There’s something unusual about Cooperativa Agraria Cafetalera, Peru’s coffee co-operative, nestled high in the Andes amid the Amazon’s tropical forests. The manager of the 800-member co-operative — which runs a credit and savings bank, a scholarship fund to help members’ children attend university in Lima, and a weekly radio show — is a woman.
In 2001, when Esperanza Dionisio Castillo became manager of the cooperative, then $10,000 in debt, she took on what she called the challenge of her life. Under her leadership, the co-op became certified Fair Trade and organic, diversified its products to include honey and cocoa, strengthened its social initiatives, and began exporting coffee to the United States and Europe. The women’s committee of CAC Pangoa, known as CODEMU (Committee for Women’s Development), provides microfinance loans, promotes female leadership, and runs workshops about nutrition and gender equality issues. This year, the UK’s Taylors of Harrogate is selling CODEMU-grown coffee, named after Esperanza, with a premium from sales enabling the committee to provide interest-free microloans for women’s health care.
While it’s not as widely marketed as shade-grown or bird-friendly coffee, “women’s coffee” is not new. In Nicaragua, where coffee accounts for almost a quarter of the national export value and makes up about one-third of rural employment, the more than 260-member-strong La FEM (Fundación Entre Mujeres, or Foundation Between Women) supports the economic, ideological, and political empowerment of rural women. Since 2011, it’s sold its Las Diosas (The Goddesses) coffee through Just Coffee in the United States. Then there’s Vega Coffee, a start-up that’s been called the Etsy of coffee, that sidesteps middlemen by connecting female coffee farmers and producers with the means to roast and process the beans themselves.
Women's coffee is not just feel-good lip service for the conscious consumer... “If the money goes directly to the woman, it stays in the village, because she’s raising a family. It’s used for education."
These are small measures to tip the scales toward parity. In the coffee industry, women undertake approximately 70 per cent of the fieldwork but typically own only 15 percent of the land, processing facilities, and traded product. So if environmentally conscious coffee has been successfully and widely marketed to coffee drinkers concerned with habitat, is there untapped commercial potential in coffee that supports the economic empowerment of women in coffee-producing countries?
“Absolutely,” said Kelle Vandenberg of the International Women’s Coffee Alliance (IWCA), which has two programs already in development to create platforms to sell women-grown coffee. “Right now, there are certifications processes going on for women-grown coffee along the lines of Fair Trade. There are individual roasters across the United States who are choosing to purchase only women-grown coffee.” A portion of each sale at City Girl Coffee, based in Duluth, Minnesota, for example, goes to support women in the coffee’s origin country. In 2013, Boyd’s Coffee in Portland, Oregon, was the first roaster to feature a “Harvested by Women” certification with its single-origin Cafe Libre Co. Thus far, it’s a groundswell, not a tidal wave.
The IWCA is coming to Australia too. The organisation has Producing Country Chapters (alliances of women in countries of orgin) and Consuming Country Chapters (networks of women in areas that mainly consume coffee grown elsewhere); Australia is unusual in that it both produces and consumes coffee, and here work is underway to set up a chapter that will relate to both (see below).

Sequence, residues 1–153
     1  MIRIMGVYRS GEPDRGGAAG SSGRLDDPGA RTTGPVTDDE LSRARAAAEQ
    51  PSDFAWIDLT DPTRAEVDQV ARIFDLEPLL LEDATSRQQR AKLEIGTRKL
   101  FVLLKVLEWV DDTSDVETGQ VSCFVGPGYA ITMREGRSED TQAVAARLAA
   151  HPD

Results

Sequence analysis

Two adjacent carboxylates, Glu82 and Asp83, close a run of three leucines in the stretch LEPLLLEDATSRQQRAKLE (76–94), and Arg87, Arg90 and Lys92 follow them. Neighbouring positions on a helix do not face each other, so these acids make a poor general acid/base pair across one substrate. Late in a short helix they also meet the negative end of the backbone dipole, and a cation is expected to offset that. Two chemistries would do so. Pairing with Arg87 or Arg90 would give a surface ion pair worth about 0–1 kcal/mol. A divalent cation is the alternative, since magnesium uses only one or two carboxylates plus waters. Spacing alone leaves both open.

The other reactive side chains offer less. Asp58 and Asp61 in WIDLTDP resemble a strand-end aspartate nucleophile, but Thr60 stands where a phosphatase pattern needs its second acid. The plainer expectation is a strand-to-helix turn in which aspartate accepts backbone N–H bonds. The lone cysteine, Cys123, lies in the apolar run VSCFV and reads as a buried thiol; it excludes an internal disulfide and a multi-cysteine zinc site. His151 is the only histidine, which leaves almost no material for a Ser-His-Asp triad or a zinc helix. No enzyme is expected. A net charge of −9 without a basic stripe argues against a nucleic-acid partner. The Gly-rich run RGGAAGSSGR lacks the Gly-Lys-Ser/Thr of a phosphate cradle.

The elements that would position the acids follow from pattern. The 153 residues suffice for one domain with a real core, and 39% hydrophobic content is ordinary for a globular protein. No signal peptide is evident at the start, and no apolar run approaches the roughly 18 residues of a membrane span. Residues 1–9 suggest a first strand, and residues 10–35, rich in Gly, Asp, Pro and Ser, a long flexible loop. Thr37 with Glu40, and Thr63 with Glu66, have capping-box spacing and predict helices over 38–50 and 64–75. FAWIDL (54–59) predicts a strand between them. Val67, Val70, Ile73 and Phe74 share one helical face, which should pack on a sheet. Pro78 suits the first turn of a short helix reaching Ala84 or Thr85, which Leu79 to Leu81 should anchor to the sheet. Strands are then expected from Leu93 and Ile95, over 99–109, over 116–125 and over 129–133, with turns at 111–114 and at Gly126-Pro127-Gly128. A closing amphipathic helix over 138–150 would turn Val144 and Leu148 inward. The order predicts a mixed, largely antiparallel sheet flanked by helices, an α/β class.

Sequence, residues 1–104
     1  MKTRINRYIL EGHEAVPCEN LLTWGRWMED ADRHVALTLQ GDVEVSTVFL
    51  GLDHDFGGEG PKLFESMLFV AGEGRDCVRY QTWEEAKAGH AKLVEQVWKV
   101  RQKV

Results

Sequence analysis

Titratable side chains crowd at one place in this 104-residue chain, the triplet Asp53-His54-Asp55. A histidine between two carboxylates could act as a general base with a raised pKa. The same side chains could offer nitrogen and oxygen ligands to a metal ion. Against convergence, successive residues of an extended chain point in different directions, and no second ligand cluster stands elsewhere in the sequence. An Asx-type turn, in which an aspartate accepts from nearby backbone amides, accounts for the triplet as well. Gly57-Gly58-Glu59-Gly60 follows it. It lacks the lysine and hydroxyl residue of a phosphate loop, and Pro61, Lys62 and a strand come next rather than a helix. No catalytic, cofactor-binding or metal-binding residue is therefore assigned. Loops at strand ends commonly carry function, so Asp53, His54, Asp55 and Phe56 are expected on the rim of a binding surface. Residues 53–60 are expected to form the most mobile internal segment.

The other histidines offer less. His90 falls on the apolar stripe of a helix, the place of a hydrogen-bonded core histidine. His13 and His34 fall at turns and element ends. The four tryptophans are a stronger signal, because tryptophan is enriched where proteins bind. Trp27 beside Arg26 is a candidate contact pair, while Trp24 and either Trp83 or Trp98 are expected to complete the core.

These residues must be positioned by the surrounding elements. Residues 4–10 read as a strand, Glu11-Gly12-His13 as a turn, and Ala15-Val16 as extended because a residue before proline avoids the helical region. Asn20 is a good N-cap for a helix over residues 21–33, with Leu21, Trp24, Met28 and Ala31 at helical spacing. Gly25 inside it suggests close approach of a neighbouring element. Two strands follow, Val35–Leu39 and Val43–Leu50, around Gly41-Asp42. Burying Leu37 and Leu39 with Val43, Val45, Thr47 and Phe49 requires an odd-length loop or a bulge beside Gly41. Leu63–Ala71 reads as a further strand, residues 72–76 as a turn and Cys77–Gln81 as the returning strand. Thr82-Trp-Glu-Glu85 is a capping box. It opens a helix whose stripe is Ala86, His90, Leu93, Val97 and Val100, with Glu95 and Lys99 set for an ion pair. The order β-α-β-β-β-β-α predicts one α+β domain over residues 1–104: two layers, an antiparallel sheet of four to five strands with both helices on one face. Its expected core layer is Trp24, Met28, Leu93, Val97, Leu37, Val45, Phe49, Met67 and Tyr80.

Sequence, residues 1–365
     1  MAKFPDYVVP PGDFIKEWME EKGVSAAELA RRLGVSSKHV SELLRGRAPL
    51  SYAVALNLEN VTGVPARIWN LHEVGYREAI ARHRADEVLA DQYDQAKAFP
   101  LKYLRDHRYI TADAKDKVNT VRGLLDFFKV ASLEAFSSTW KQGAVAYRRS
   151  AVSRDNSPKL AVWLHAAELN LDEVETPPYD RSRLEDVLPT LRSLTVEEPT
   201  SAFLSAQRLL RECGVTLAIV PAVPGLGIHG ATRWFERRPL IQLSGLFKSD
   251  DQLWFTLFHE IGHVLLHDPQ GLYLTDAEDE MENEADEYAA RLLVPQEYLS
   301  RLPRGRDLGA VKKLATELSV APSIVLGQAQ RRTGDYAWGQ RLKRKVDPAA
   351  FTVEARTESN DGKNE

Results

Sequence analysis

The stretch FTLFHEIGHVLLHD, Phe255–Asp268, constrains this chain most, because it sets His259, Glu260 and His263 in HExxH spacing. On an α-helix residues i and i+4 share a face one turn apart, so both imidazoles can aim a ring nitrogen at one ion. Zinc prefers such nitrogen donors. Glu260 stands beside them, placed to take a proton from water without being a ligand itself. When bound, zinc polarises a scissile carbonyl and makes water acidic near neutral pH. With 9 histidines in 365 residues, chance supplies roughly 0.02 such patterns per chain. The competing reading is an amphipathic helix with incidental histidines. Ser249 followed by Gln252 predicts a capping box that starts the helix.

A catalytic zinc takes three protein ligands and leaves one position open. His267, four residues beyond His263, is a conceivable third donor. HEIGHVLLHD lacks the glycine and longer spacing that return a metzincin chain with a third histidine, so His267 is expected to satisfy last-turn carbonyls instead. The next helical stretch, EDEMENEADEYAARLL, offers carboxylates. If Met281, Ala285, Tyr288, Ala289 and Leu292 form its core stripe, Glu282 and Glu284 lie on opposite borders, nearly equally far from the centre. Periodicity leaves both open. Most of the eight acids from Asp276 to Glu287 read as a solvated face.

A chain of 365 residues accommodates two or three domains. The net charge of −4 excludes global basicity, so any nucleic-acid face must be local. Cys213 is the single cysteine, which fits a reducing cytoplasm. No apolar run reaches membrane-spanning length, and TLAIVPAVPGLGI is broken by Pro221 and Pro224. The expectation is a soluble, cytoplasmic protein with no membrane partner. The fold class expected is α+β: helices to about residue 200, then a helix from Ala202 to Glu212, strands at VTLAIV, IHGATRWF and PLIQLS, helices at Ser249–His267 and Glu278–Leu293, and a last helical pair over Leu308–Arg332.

Women's coffee is not just feel-good lip service for the conscious consumer, Vandenberg said. “If the money goes directly to the woman, it stays in the village, because she’s raising a family. It’s used for education. It’s used for improvements in infrastructure.”
Studies bear this out. When women have control over their family’s income, they spend 90 per cent of it on their families, compared with the 30 to 40 per cent that men spend, and children’s health and nutrition improves. When we talk about coffee, we’re talking about an economically powerful product—a hugely valuable export commodity for developing nations.
In 2013, IWCA’s chapters represented nearly 60 per cent of world coffee production. That has since grown to 20 chapters in 20 countries, where their work gives women the resources and education to collectively capitalise on the value of the product, like Nicaragua’s La FEM and Peru’s CAC Pangoa have. For some, that means learning to cup and taste their own coffee for the first time, Vandenberg said.
“They have the vision. They have the power,” Vandenberg said. “We just have to help them with the tools.”
Isabelle Sinamenye, whom Vandenberg first met in Burundi in 2009, was “very, very shy—almost apologetically standing there,” Vandenberg said. Since then, she has become the IWCA Burundi chapter president, forming a cooperative, selling the group’s coffee, and profit-sharing with a coffee-washing station. “I saw her last spring, and I didn’t even recognize her. This shy, tall, regal woman became a business dynamo.”
“You have to really be able to appreciate both sides of that,” Vandenberg said, “from a business perspective as well as from a humanitarian perspective. These are women getting together with other women, building and creating opportunities and paving their own path — because they’re not going to ask permission to walk on the established road.”
For more information on the formation of the IWCA chapter in Australia, email firstname.lastname@example.org